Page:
The open letter (here) penned by retiring separate school trustee Patricia Grell has promoted an important conversation about the future of separate school education. The letter has also brought into the open some misconceptions or misstatements that are promoted and shared by ecclesial leaders of the Roman Catholic Church.
The Edmonton Archdiocese released a statement, not yet posted to their web site, that contained the following representation (as quoted by CTV, Edmonton): "The fact is that Catholic school trustees do have two lines of accountability, one to the Provincial Minister of Education and one to their Catholic Bishop. This dual responsibility... has long been well understood by most trustees."
It is factually incorrect to say that separate school trustees are accountable to their Catholic Bishop. Separate schools are a civil institution. In law they are only Catholic by virtue of the fact that the electorate is exclusively Catholic. Separate school systems were not (are not) created by, or owned by, the Roman Catholic Church. They are not funded by the Roman Catholic Church. In fact, they are funded by all Albertans, including the many Albertans who are not Roman Catholic. The laws that frame the existence and operation of separate school systems do not assign any responsibility to the Bishop(s). Those laws do not create, allow or enforce any responsibility of separate school trustees to Bishops. Trustees are not appointed by the Bishop(s): they are elected by citizens, according to provincial legislation.
It is said that a person cannot serve two masters. That is certainly true of separate school trustees. Albertans have seen ample evidence in recent years of separate school trustees torn by the conflict between the reality of their responsibility to the civil community and the myth of their responsibility to the Bishop(s).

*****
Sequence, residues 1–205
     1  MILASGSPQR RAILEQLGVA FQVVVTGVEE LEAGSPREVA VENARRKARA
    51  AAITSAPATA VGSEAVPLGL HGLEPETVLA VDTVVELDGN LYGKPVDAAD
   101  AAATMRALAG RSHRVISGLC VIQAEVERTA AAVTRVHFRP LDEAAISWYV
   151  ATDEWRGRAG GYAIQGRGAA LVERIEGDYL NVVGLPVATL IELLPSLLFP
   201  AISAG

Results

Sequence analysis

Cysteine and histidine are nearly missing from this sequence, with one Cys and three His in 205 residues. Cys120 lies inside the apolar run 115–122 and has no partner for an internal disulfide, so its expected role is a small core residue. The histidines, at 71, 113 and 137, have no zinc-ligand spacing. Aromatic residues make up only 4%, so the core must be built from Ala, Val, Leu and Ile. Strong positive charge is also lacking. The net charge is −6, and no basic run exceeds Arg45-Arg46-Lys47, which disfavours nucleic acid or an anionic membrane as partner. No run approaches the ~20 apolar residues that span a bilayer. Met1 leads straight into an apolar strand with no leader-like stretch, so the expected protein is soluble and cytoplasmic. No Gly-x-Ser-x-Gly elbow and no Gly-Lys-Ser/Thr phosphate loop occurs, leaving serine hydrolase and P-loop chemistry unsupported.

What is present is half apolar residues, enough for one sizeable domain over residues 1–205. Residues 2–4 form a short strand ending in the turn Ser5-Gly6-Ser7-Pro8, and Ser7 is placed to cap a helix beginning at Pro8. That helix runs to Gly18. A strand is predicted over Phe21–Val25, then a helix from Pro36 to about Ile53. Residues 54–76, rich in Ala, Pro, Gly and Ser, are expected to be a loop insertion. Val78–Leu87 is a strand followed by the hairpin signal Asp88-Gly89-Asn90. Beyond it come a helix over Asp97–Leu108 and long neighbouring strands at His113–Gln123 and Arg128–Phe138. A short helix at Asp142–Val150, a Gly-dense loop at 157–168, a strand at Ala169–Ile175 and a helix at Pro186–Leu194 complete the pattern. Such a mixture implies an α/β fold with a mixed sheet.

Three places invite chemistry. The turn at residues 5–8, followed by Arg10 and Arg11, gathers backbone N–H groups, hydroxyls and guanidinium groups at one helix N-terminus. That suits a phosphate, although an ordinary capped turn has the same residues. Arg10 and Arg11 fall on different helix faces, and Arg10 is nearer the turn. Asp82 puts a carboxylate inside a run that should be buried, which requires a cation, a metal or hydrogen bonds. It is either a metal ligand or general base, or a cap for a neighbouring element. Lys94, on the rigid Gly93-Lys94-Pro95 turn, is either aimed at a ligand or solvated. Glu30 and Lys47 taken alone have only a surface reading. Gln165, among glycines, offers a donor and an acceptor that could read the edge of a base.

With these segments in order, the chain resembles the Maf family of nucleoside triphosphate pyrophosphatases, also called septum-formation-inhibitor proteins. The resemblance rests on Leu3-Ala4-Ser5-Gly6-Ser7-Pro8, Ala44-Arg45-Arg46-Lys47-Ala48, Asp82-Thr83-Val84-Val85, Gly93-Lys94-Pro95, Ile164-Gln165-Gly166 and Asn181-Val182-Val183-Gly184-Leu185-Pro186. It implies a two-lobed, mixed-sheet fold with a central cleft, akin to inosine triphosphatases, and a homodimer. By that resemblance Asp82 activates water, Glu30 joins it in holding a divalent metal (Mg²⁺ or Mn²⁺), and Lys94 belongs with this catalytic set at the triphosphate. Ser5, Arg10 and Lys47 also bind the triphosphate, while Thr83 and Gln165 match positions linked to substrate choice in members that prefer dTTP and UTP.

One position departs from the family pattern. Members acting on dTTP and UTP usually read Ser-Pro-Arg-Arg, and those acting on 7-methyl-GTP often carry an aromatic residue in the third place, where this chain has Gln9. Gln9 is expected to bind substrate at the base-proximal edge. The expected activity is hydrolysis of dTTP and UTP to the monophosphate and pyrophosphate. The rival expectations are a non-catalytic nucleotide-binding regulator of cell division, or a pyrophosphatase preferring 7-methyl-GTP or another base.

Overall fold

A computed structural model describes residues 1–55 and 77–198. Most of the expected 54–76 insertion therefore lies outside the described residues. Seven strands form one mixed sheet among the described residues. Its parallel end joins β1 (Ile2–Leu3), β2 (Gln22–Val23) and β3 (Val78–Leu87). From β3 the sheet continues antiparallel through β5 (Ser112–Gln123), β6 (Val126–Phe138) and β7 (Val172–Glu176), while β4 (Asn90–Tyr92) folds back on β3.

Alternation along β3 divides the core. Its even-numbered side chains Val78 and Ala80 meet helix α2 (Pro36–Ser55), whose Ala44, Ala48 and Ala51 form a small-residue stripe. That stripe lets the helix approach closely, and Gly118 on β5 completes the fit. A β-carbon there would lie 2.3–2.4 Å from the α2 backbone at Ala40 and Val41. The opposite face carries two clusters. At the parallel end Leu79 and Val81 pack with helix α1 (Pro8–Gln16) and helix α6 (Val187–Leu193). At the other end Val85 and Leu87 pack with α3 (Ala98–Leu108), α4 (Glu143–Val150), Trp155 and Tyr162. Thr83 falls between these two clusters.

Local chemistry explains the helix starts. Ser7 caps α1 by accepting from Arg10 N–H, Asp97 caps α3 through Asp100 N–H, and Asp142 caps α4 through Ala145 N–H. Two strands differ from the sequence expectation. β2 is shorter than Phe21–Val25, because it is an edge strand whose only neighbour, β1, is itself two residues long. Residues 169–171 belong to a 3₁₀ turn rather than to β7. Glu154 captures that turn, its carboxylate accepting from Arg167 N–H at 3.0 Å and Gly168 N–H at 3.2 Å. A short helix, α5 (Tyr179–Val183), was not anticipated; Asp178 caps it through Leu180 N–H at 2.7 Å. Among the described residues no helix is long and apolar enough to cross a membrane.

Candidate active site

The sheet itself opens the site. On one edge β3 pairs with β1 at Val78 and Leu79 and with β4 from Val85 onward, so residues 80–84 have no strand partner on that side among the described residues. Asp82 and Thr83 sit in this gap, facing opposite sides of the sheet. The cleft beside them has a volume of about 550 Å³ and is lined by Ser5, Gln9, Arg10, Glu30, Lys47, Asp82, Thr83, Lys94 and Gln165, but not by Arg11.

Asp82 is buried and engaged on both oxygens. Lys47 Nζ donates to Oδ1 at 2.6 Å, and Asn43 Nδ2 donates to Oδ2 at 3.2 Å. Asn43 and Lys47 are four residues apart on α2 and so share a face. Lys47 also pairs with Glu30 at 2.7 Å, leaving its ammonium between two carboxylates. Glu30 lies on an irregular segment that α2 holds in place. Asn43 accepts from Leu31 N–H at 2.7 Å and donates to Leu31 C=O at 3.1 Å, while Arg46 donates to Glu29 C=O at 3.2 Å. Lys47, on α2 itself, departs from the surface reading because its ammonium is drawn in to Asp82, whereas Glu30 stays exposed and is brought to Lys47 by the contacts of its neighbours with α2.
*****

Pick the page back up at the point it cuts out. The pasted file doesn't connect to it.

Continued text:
Minister of Education David Eggen could put an end to this with a simple statement that would not imperil separate school education and would facilitate clarity of thought and action by separate school trustees, greater cooperation with public school boards, and benefits for all students. The Minister should make a very brief declaration: "Separate school education is a constitutional reality in Alberta, and it is a civil institution. Canon Law 803 of the Roman Catholic Church does not apply to separate school education in Alberta. Separate schools in Alberta do not meet the test of Canon Law 803. Separate schools are not directed by a "competent ecclesiastical authority" (emphasis added), and the trustees of a separate school jurisdiction are not a "public ecclesiastical 'legal' person" (corporate entity).
With such a statement, the Minister could prevent the recurrence of any tug-of-war between public policy and Church doctrine, such as Alberta has seen many times in the past few years. The Minister could end the tension experienced by many separate school trustees as they attempt to satisfy two masters with quite divergent views. The Minister could significantly encourage greater cooperation between public and separate school boards. The Minister would leave the Roman Catholic Church free to endorse what happens thereafter, or create parochial schools (such as are found in most Canadian provinces).
Thanks to Ms. Grell for encouraging an important conversation. Particularly, thanks as well for highlighting the pernicious role of Canon Law 803 in this confusing and distracting some of the conversation.
Canon Law (of the Roman Catholic Church) 803 §1. A Catholic school is understood as one which a competent ecclesiastical authority or a public ecclesiastical juridic person directs or which ecclesiastical authority recognizes as such through a written document.